News Items from Security-Related Mailing Lists (8/8/97)

by Mary Ellen Zurko, The Open Group Research Institute (

This edition's listwatch items come from the email lists e$pam, cryptography, cypherpunks, fight-censorship, oxdeadbeef, tbtf, and dcsb.

There was some speculation and rumors on the cryptography list that DoD interest in Fortezza is waning. This included stories of a contract that was killed and the evolution of Fortezza being stalled in the context of the Defense Messaging System, as well as lack of requests for Fortezza from federal contractors.

Intel's BIOS Update technology enables bug fixes to its microprocessors to be downloaded to the chips. A story discussing the security of this feature include claims that the microcode patch is encrypted, and after its header is examined "there are two levels of encryption in the processor that must occur before it will successfully load the update" (integrity and authentication? or just doubly-encrypted for confidentiality?). My favorite security measure for this protocol is that "There is no documentation. ... It's actually in the heads of less than 10 people in the whole of Intel."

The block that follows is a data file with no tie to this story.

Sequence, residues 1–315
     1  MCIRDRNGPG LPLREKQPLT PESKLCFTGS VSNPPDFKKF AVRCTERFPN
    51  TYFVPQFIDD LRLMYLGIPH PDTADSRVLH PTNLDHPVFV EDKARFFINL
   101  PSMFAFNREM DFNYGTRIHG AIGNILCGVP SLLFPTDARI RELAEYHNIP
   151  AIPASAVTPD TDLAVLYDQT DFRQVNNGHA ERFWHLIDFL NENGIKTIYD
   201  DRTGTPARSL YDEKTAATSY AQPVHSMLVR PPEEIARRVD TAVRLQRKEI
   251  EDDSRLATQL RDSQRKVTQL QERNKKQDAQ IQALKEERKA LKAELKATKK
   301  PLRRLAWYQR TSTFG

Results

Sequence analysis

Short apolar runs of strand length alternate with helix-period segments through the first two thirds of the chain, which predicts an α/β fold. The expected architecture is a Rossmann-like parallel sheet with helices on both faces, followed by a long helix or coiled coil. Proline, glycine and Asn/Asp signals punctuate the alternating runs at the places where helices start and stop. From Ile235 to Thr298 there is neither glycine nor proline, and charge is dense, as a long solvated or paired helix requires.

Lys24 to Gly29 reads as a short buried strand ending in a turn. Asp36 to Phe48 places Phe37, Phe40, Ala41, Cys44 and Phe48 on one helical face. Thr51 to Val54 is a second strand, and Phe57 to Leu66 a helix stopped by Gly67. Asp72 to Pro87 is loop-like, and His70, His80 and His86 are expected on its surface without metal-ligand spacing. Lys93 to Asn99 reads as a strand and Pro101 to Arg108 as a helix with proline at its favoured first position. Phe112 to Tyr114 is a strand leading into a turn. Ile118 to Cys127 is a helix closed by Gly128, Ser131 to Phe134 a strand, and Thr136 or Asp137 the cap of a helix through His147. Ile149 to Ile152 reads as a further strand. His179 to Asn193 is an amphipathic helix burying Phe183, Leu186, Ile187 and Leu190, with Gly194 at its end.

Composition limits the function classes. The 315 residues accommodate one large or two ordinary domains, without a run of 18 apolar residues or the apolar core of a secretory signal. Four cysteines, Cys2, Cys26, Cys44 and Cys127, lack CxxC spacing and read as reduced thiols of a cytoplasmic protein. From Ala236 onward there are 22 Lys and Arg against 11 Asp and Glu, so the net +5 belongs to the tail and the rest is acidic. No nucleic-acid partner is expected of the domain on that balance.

Mitsubishi has developed a software program which evaluates symmetric-key encryption algorithms, displaying the amount of computing power required to deduce the key, based on Shamir's differential decryption method and Mitsubishi's proprietary linear decryption method. The program uses "simple approximations of the encryption algorithm" to determine "the minimal volume of computations needed to crack the code."

AOL has announced a telemarketing plan that would include selling memebers' telephone numbers. They have decided not to do that, based on the reaction from customers and other intersted parties. See for the story.

There was a lot of discussion of government access to keys on cypherpunks. A policy brief from the Brookings Institution takes the line that "there are reasonable compromises" in the debate about government access to keys. The contents of most of the brief are familiar to those following the debate. The author believes that recent government trends towards listening to critics and evolving a more flexible policy based on that feedback may lead to a workable compromise. The author acknowledges that one of the problems with the approach is its potential for abuse, and recommends a permanent, verifiable audit trail of any government interception of electronic communications. Other key escrow discussion on cypherpunks suggested that keys should be split and held by the following parties, so that all of them had to agree for a valid key to be returned:

  1. ACLU
  2. NRA
  3. Republican Nat'l Committee
  4. Democratic Nat'l Committee
  5. N Y Times
  6. Washington Post
  7. Christian Coalition
  8. Libertarian Party
  9. FBI
  10. NSA
  11. Speaker of the House of Representatives
  12. U S Supreme Court